Women continue to make up the majority of victims of natural disasters but not enough is being done to empower women to better protect themselves when a crisis strikes.
Women, especially those who live in disaster-prone areas, may suffer disproportionately due to a profound ignorance of women’s needs in disaster preparedness and mitigation, activists say.
A broad review of disasters that have recently struck Indonesia shows that the calamities often impacted much more directly on women compared to men.
Edi Hayat, Women Empowerment Officer of Oxfam’s Building Resilience Program, said that men and women tended to react differently during crises, including natural disasters.
“Many women are killed during disasters as they try to save not only themselves but also their children. Women and children suffer most during disasters due to long-standing unequal family responsibility-sharing between men and women. This is why the number of women killed during natural disasters is usually much higher than men,” Edi told The Jakarta Post on the sidelines of a discussion on building disaster resilience held by Oxfam.
Unfortunately, preparedness and mitigation efforts developed by both central and local governments have systematically ignored women’s needs in initiatives to heighten resilience during disasters.
Edi said mainstreaming a gender perspective into disaster-risk reduction policies was critical in strengthening women’s capacity to deal with crisis situations.
“Frankly speaking, even at the national level, we haven’t seen a concerted effort to integrate gender perspective in disaster-risk reduction policies, whereas it is very important to reduce women’s vulnerability during crises,” he said.
In 2007, Indonesia ranked fourth worldwide for the number of disasters while it ranked sixth in the number of disaster victims. Two tsunamis, including the catastrophic wave surge that hit Aceh in December 2004, for example, killed 166,510 people and left 532,898 homeless.
Mainstreaming gender perspectives into disaster-risk reduction policies is one of the critical issues being discussed in a two-day workshop of “National women’s leadership in disaster-risk reduction” which is taking place on Nov. 22-23 in Bogor, West Java.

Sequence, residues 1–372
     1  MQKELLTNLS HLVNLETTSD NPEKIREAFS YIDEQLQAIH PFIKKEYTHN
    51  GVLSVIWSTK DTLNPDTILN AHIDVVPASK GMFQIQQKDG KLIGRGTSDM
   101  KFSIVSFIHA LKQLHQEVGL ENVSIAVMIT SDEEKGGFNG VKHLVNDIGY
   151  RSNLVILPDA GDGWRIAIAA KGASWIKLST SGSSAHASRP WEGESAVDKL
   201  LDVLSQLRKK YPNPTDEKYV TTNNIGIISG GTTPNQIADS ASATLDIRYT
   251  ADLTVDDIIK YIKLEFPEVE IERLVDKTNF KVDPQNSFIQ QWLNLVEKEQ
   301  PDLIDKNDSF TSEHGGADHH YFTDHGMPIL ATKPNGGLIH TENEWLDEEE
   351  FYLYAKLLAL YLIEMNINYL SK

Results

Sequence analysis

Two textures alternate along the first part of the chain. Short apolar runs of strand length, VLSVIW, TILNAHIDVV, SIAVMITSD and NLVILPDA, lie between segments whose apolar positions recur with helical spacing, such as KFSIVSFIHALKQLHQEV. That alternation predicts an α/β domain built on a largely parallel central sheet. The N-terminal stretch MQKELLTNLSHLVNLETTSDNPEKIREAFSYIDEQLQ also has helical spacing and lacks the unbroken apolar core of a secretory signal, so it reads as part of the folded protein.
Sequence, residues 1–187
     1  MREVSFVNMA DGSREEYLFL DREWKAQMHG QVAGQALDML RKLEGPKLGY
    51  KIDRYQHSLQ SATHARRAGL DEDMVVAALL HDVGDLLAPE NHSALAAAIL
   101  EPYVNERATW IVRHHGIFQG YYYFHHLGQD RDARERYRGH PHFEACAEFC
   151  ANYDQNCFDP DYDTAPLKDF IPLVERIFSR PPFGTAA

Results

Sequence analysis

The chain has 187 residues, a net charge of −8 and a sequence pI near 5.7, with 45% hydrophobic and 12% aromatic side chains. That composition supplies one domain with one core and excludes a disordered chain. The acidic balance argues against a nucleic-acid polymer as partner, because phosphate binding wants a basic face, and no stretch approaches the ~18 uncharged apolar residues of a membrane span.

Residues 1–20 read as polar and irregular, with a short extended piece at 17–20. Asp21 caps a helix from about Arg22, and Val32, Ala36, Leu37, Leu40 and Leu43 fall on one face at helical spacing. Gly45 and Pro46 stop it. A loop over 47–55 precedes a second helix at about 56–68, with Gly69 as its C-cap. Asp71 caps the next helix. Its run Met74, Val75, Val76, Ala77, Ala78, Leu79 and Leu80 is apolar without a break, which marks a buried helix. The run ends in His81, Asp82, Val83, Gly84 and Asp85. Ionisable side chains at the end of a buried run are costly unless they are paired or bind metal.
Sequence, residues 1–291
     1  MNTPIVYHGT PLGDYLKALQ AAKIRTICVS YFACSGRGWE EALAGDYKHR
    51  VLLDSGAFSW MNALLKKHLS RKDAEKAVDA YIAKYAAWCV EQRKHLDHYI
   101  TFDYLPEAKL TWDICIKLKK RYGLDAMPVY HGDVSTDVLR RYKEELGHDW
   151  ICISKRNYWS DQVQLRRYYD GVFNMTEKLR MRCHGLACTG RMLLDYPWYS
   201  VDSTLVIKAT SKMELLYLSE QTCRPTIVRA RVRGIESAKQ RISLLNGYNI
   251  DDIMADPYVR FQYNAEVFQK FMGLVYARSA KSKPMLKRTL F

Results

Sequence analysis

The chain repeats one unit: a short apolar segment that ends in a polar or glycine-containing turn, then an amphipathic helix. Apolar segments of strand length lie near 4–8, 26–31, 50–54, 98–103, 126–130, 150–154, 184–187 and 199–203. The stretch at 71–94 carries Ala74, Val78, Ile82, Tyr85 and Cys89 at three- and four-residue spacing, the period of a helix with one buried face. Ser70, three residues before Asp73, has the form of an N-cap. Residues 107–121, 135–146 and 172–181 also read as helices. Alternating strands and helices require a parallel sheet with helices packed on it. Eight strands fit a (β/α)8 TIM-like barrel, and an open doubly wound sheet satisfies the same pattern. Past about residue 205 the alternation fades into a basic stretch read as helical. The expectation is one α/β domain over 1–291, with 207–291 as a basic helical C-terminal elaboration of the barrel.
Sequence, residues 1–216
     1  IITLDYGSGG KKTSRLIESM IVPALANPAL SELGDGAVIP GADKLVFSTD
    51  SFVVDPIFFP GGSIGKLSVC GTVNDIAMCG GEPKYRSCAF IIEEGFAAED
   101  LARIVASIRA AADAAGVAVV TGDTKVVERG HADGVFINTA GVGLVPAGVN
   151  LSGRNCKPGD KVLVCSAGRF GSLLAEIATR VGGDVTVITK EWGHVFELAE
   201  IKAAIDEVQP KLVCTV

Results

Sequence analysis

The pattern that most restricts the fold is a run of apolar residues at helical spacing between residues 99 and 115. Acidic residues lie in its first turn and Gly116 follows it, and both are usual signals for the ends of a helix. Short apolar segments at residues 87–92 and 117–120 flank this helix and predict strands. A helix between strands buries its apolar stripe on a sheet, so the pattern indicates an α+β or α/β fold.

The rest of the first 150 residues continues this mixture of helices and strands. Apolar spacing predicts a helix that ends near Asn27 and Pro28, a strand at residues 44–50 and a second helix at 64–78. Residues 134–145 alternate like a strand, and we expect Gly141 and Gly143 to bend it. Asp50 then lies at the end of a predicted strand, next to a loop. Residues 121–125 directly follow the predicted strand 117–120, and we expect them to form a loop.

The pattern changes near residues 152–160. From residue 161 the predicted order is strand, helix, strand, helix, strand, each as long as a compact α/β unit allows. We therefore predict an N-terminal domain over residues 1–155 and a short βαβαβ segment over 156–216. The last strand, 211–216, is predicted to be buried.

The workshop is part of Oxfam’s project of building resilience in eastern Indonesia which started in June 2009. The project funded by the Australian government through the Australia-Indonesia Partnership aims to strengthen the capacities of government, civil society and communities in 16 districts nationwide in reducing disaster risks.
Under this project, people in disaster-prone areas such as North Sumatra, Central Sulawesi, East Nusa Tenggara (NTT), West Nusa Tenggara (NTB), Papua and West Papua, develop capacity-empowerment in disaster-risk reduction, making them much more resilient in coping with the impact of such hazards.
During the workshop, Oxfam’s local partners share experiences and lessons learned in mainstreaming gender perspectives into disaster-risk reduction policies in their districts.
Lukman Hakim, Adaptation Risk Reduction/Climate Change Officer for Oxfam’s Building Resilience Program, said changes in women’s disaster vulnerability would only emerge if they acquired greater capacity to deal with crisis situations.
Citing examples, he said that local communities living in disaster-prone areas used to think that natural disasters were part of a natural cycle.
“They even used to see it as a warning coming directly from God whereas now they can do many things to reduce their exposure to the impact of disasters, or even prevent them,” said Lukman.
During the program, community action-plans have been delivered in 16 districts, including the establishment of disaster-preparedness standard-operating-procedures for 67 school and village disaster-preparedness teams in 115 villages which consist of 2,371 men and 892 women or 30 percent of total team members.
To reduce vulnerability, for example, village women who joined with the village disaster-preparedness teams learned practical steps in emergency responses, such as how to deliver first-aid assistance.
“Instead of just waiting for help, women living in several disaster-prone areas can now deliver simple measures to deal with broken bones, or bleeding. This may reduce their vulnerability during disasters,” said Lukman.
In Central Manggarai, East Nusa Tenggara, village women are involved in a variety of economic-empowerment activities, such as planting coffee and breeding livestock, provided by the project. Such empowerment aims to reduce economic vulnerability during disasters in which women often suffer the most.
“Economic vulnerability is actually the biggest challenge faced by women in disaster-prone areas. In a long dry spell, they can do nothing since they are too poor. By being economically empowered, they have more capacity to deal with disasters when they strike,” he said.